The government of Vichy France cooperated with the Germans by enacting the Statut des Juifs (Jewish Law), which defined Jews by race and restricted their rights. Vichy authorities also actively collaborated and even took initiatives by establishing internment camps in southern France, arresting foreign Jews and French Jews, and aiding in the deportation of Jews (mostly foreign Jews residing in France) to killing centers in German-occupied Poland. The Vichy government also turned over to the Germans Spanish and international fighters in defense of the Spanish Republic against the Franco rebels. After Franco's victory and the establishment of a conservative, authoritarian regime in 1939, these so-called Spanish Republicans or “Red Spaniards” had sought refuge in France from certain persecution and possible death if they remained in Spain. After the Vichy French turned over several thousand of the refugees to the Germans, the Germans incarcerated them in concentration camps, where thousands of them died.
After the German invasion of Norway in April 1940, Vidkun Quisling, a Norwegian fascist, proclaimed himself prime minister. The Germans quickly became disillusioned with him and established their own administration, but intermittently used Quisling as a figurehead—Quisling's name entered the English dictionary as a term defining a person who betrayed his country through collaboration with an occupying enemy. Norwegian police and paramilitary formations assisted SS and German police units in the deportation of Jews to Auschwitz-Birkenau. Likewise, local civilian and police authorities collaborated closely with the Germans in Belgium and the Netherlands in rounding up and deporting Jews residing in those two countries.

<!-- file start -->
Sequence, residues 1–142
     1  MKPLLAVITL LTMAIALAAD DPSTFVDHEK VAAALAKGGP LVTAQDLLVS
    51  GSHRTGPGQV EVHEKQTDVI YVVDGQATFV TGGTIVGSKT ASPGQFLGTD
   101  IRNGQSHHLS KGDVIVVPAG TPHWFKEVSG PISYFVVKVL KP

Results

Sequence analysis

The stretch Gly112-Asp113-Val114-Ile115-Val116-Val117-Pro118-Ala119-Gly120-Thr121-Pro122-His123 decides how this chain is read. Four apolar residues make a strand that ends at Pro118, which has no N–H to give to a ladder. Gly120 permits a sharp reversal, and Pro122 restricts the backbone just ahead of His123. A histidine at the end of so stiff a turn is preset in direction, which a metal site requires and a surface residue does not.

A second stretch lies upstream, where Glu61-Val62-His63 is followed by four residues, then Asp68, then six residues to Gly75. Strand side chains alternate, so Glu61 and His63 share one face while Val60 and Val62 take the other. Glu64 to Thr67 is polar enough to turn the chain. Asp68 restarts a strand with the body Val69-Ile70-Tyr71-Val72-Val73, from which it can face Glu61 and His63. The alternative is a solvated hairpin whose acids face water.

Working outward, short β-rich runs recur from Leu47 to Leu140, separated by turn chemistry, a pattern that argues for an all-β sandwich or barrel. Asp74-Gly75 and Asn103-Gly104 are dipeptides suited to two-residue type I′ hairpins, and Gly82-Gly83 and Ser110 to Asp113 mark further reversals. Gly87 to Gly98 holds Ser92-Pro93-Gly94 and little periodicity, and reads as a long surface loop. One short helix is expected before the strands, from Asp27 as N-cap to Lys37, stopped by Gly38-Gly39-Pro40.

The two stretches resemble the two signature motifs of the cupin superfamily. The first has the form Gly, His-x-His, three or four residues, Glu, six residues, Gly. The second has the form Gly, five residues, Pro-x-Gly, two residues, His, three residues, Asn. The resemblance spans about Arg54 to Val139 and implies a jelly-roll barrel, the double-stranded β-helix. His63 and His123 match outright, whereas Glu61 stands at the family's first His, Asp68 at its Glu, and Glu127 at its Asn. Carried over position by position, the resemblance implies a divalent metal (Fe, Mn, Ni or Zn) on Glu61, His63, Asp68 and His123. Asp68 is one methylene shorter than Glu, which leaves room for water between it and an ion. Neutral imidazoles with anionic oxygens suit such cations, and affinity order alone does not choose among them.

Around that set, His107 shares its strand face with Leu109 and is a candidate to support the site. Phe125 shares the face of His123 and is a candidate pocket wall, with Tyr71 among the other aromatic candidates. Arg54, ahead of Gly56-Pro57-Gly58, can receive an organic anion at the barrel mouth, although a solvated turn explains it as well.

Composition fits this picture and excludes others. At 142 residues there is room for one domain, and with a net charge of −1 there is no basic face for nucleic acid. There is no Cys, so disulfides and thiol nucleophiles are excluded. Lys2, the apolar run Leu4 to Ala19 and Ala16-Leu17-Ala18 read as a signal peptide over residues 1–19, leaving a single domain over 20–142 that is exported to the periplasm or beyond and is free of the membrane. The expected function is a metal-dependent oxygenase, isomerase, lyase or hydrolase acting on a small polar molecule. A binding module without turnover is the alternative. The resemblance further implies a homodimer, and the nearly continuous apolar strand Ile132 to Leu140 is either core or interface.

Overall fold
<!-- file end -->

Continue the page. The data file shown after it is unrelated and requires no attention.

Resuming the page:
In both German-occupied territories and on the territory of Germany's European Axis partners, indigenous propagandists collaborated with the German occupation authorities or with their governments in the attempt to legitimize Axis expansion through aggression and Axis-initiated race and settlement policies, including and especially the annihilation of the European Jews and the mass murder of other groups targeted by Nazi Germany and its Axis partners. Such propaganda assisted in removing local inhibitions against participation in mass expropriation, deportation, and killing. The Axis, Germany and Italy in particular, also deployed foreign propagandists and collaborators who were citizens or residents of Allied countries or their possessions in Africa and Asia to legitimize violence via radio broadcast against the Jews of Europe and elsewhere and against the Allied governments leading the fight against Nazi Germany.
The German authorities required the assistance of the Axis nations and of indigenous collaborators in the regions they occupied to implement the "Final Solution." Axis governments, police, and military authorities aided in the roundup and deportation of Jews to killing centers, actively participated in the murder of Jews, and in several cases committed atrocities against their Jewish fellow citizens within their own national borders. In territories they occupied (particularly in the East) the Germans depended on indigenous auxiliaries (civilian, military, and police) to carry out the annihilation of the Jewish population.
Both Axis government authorities and indigenous auxiliaries in regions occupied by the Germans were instrumental in implementing policies of expropriation, deportation for forced labor, and mass murder of non-Jewish populations, particularly in German-occupied Poland, the German-occupied Soviet Union, and German-occupied Serbia.
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Davies, Peter. Dangerous Liaisons: Collaboration and World War Two. Harlow: Pearson Education, 2004.
Dahl, Hans Fredrik. Quisling: A Study in Treachery. Cambridge, UK: Cambridge University Press, 1999
Deák, István, Jan T. Gross, and Tony Judt. The Politics of Retribution in Europe: World War II and Its Aftermath. Princeton, NJ: Princeton University Press, 2000.
Gaunt, David, Paul A. Levine, and Laura Palosuo, editors. Collaboration and Resistance During the Holocaust: Belarus, Estonia, Latvia, Lithuania. Bern: Peter Lang, 2004.
Tomasevich, Jozo. War and Revolution in Yugoslavia, 1941-1945: Occupation and Collaboration. Stanford: Stanford University Press, 2001.